4 walleye surfperch Hyperprosopon argenteum 2257
5 topsmelt Atherinops affinis 2175
6 California corbina Menticirrhus undulatus 1858
7 round stingray Urobatis halleri 1830
8 salema Xenistius californiensis 1119
9 jacksmelt Atherinopsis californiensis 1014
10 spotfin croaker Roncador stearnsii 972
11 barred surfperch Amphistichus argenteus 507
12 deepbody anchovy Anchoa compressa 484
13 white croaker Genyonemus lineatus 435
14 bat ray Myliobatis californica 244
15 California halibut Paralichthys californicus 234
16 shovelnose guitarfish Rhinobatos productus 234
17 shiner perch Cymatogaster aggregata 228
18 striped mullet Mugil cephalus 125
19 jack mackerel Trachurus symmetricus 113
20 white seabass Atractoscion nobilis 98
21 Pacific barracuda Sphyraena argentea 96
22 Pacific chub mackerel Scomber japonicus 91
23 leopard shark Triakis semifasciata 65
24 California needlefish Strongylura exilis 55
25 gray smoothhound Mustelus californicus 36
26 barred sand bass Paralabrax nebulifer 25
27 barcheek pipefish Syngnathus exilis 24
28 white seaperch Phanerodon furcatus 21
29 California butterfly ray Gymnura marmorata 17
30 Pacific pompano Peprilus simillimus 12
30 zebraperch Hermosilla azurea 12
31 diamond turbot Pleuronichthys guttulatus 9
31 northern anchovy Engraulis mordax 9
32 Pacific staghorn sculpin Leptocottus armatus 7
32 thornback Platyrhinoidis triseriata 7
33 black perch Embiotoca jacksoni 6
33 giant kelpfish Heterostichus rostratus 6
34 dwarf perch Micrometrus minimus 4
35 California grunion Leruresthes tenuis 3
35 kelp bass Paralabrax clathratus 3
35 pile perch Rhacochilus vacca 3
36 hornyhead turbot Pleuronichthys verticalis 2
36 Mexican lookdown Selene brevoortii 2
36 sargo Anisotremus davidsonii 2
37 black croaker Cheilotrema saturnum 1
37 bonefish Albula sp. A 1
37 speckled sanddab Citharichthys stigmaeus 1

Abundance ranks of selected fishes caught by beach seine in three different CDFW studies/time periods.
Abundance ranking of selected fishes caught by beach seine in three different CDFW studies/time periods.

Tag Recaptures

  • 3,270 fish have been tagged
  • 18 fish have been recaptured
    • 9 barred surfperch
    • 3 California corbina
    • 2 spotfin croaker
    • 4 yellowfin croaker
  • The greatest distance between tagging and recovery locations was the eight miles a large spotfin croaker traveled between the south end of Seal Beach and Huntington Beach pier.

Interesting Trends

Average catch per unit effort (CPUE) by season for five popular sport fishes, June 2007 through August 2009
Average CPUE by season for five popular sport fishes, May 2007 through September 2009.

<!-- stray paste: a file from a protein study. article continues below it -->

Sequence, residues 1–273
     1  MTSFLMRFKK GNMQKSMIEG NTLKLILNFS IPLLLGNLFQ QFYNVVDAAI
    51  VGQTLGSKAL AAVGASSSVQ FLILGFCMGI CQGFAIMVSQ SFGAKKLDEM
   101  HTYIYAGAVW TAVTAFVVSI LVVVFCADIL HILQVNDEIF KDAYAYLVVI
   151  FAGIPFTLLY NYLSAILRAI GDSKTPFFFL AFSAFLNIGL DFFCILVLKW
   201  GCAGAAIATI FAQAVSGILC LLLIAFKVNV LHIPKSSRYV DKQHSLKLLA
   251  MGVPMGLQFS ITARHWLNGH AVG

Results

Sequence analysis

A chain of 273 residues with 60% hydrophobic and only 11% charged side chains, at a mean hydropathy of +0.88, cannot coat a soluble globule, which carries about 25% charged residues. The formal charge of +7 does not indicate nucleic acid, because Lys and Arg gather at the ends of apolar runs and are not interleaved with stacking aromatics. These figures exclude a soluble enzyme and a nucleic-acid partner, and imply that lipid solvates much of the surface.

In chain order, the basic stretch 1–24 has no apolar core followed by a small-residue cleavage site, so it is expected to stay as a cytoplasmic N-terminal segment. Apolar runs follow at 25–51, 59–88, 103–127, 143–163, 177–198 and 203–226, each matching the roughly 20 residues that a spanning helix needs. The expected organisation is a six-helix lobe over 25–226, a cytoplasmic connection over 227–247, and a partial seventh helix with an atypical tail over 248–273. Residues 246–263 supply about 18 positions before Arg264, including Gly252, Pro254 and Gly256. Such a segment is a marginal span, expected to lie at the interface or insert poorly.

Error bars denote one standard error.

Barred surfperch abundance remained relatively constant throughout all seasons, while spotfin croaker and California corbina abundances peaked in the summer and were lowest during the winter. Those seasonal differences may be due to inshore-offshore or upcoast-downcoast movements. Subsequent analyses suggest the dramatic increase in yellowfin croaker numbers in the spring was primarily due to increased numbers of young-of-the-year (YOY) in the catch. Increased walleye surfperch abundances in summer and fall were also due to an increase in abundance of YOY.

Tide height and flux for five popular sport fishes when catch per unit of effort (CPUE) was highest.
Tide height and flux for five popular sport fishes when CPUE was highest.
Fish illustrations provided by Dr. Larry Allen.

Although individuals of each species were caught throughout the tide cycle and at all tide heights, California corbina and spotfin croaker were more abundant during lower incoming tides, while barred surfperch, yellowfin croaker, and walleye surfperch were more abundant during slightly higher outgoing tides.

Interesting Finds

At Seal Beach, CA in November 2008 two Mexican lookdown, Selene brevoortii, juveniles were captured. The typical range for Mexican lookdown is from the southern tip of Baja California, Mexico to Panama, although adult specimens have been documented in south San Diego Bay during the 1997-98 El Niño event. This is the first documented occurrence of juvenile Mexican lookdown in California. The juvenile specimens represent an approximate 100 km northern range expansion from the Mexican lookdown's northernmost range boundary. Both specimens are now housed in the Los Angeles County Museum of Natural History fish collection (LACM 56886-1), and a scientific note has been published in the quarterly periodical California Fish and Game.

Juvenile Mexican lookdown, Selene brevoortii, caught at Seal Beach on November 18, 2008. 63 mm standard length (SL) Juvenile Mexican lookdown, Selene brevoortii, caught at Seal Beach on November 18, 2008. 61 mm standard length (SL)
Two juvenile Mexican lookdown, Selene brevoortii, caught at Seal Beach on November 18, 2008.
(a) 63 mm standard length (SL); (b) 61 mm SL.